CHAPEL HILL, N.C. ― The University of North Carolina at Chapel Hill is firing two employees and barring a former associate dean from leadership positions after an investigation described their roles in the school’s academic fraud scandal, the school said Thursday.
The moves mean seven people have been fired, resigned or disciplined since former U.S. Justice Department official Kenneth Wainstein released a report in October 2014 describing a pattern of fake classes that allowed 3,100 athletes and other students to earn artificially high grades from 1993 to 2011. The sham courses were solely in the African studies department, but people around campus knew of them and said nothing, the report said.
Three other UNC employees were cleared, the university said.
The moves came after personnel reviews considering whether the employees helped allow fake courses, directed students to them, or were in a position to know about the wrongdoing and failed to stop it.
The school said Brent Blanton, associate director of the Academic Support Program for Student-Athletes, was fired effective Thursday. Blanton was a women’s soccer academic counselor.
Also fired Thursday was Travis Gore, an administrative assistant in the Department of African, African American and Diaspora Studies.
Roberta Owen, professor of dramatic art and former senior associate dean in the College of Arts and Sciences, was permanently barred from any leadership responsibilities.
Three other employees were cleared of wrongdoing. They were identified as Corey Holliday, associate director of athletics; Alphonse Mutima, lecturer in the Department of African, African-American and Diaspora Studies; and Andre’ Williams, associate director of development, Arts and Sciences Foundation, and former director of football student-athlete development.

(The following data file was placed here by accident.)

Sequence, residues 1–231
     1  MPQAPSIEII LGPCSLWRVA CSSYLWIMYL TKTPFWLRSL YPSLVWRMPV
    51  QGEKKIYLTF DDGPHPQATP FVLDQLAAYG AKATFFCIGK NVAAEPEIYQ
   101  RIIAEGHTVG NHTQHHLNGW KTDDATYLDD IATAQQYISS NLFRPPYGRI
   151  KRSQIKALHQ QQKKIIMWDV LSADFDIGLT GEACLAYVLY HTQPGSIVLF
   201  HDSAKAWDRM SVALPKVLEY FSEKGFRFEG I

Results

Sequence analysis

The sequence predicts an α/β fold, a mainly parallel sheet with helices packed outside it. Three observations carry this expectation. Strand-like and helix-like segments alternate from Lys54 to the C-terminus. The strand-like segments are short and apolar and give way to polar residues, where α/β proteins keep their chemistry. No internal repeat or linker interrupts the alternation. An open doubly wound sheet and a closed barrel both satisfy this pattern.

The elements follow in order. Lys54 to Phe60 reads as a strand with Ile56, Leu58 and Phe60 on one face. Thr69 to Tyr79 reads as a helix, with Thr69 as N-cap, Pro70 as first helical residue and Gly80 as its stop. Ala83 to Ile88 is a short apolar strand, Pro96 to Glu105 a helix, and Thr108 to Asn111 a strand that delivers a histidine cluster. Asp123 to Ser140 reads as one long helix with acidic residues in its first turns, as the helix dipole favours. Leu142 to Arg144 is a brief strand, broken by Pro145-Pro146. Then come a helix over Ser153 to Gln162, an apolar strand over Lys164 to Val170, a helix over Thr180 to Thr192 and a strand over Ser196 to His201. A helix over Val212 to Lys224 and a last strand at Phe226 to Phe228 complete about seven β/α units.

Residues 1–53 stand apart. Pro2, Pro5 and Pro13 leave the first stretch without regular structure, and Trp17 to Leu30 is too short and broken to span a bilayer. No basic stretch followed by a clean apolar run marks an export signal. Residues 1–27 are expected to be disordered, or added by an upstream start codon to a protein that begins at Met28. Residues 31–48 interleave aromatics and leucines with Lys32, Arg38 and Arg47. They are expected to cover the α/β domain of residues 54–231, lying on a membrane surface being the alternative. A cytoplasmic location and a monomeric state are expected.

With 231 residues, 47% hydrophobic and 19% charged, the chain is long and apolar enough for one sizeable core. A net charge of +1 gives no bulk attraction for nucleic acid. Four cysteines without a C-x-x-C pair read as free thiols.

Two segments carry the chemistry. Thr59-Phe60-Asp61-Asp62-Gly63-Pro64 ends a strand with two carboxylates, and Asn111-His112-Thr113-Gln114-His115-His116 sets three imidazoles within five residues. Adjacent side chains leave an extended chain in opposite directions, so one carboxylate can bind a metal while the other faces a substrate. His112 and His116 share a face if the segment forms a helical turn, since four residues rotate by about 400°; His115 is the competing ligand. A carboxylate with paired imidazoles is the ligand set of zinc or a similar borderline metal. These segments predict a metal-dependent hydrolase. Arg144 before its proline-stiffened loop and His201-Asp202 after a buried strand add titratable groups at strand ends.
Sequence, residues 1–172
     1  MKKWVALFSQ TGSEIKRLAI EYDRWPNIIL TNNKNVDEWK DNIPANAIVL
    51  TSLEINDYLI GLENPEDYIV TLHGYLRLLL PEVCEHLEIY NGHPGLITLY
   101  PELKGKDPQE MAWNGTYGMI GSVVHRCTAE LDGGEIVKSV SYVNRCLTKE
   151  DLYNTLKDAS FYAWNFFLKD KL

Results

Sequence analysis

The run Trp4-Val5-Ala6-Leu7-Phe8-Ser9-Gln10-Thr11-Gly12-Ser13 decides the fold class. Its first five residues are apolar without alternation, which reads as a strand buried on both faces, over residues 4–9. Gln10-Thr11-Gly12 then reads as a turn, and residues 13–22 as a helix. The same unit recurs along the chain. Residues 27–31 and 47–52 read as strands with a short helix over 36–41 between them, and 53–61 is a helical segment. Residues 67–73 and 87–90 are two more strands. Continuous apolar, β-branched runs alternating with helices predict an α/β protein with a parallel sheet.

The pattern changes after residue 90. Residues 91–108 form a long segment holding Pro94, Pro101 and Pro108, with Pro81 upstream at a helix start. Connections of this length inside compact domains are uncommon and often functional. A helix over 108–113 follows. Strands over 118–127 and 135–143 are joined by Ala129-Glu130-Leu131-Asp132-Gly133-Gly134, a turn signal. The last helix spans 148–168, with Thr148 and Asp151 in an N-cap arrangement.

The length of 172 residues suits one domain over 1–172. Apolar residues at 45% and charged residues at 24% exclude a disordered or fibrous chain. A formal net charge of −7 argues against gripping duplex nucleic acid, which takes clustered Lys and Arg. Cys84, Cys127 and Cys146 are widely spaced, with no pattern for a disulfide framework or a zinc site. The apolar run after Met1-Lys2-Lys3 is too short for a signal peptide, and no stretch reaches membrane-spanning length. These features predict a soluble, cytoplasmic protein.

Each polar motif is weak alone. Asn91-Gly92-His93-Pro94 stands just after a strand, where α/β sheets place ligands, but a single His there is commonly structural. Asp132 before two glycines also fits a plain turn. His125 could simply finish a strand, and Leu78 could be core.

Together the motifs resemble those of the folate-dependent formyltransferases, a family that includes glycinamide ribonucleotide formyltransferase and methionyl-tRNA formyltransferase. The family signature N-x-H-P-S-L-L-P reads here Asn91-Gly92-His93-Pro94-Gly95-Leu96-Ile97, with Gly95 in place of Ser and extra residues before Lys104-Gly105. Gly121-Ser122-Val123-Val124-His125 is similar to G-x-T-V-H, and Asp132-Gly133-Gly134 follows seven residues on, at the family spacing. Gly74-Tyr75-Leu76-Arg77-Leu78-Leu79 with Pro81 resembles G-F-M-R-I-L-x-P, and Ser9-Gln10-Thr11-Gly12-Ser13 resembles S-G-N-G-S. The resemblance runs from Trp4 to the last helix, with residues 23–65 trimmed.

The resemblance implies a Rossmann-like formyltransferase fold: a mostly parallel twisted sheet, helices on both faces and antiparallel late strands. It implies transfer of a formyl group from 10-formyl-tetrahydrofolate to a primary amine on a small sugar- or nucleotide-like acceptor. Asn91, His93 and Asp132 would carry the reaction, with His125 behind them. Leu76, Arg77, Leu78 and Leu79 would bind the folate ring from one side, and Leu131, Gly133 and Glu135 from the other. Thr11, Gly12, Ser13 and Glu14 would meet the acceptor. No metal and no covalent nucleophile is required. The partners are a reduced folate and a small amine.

In March, philosophy professor and former faculty chairwoman Jan Boxill ended a fight to keep her job and became the highest profile firing in the wake of the scandal.
University officials began taking steps to fire her in October on the day that a scathing report into the cheating scandal was released. At the time, Chancellor Carol Folt said the decision to fire Boxill was prompted by “the extraordinary circumstances underlying the longstanding and intolerable academic irregularities” described in the report by Wainstein.
Boxill was an adviser to women’s basketball players. According to the report, she directed some into the fake courses, sought at least twice to influence the grades given to students and acknowledged sometimes editing student papers.
The scandal initially emerged from reports of a tutor providing improper help on research papers. UNC later reported fraud in the since-renamed African and Afro-American Studies department, including lecture classes that didn’t meet, possibly forged signatures on grade rolls, unauthorized grade changes and poor oversight. It contributed to the departure of football coach Butch Davis in 2011 and resignation of Chancellor Holden Thorp in 2012.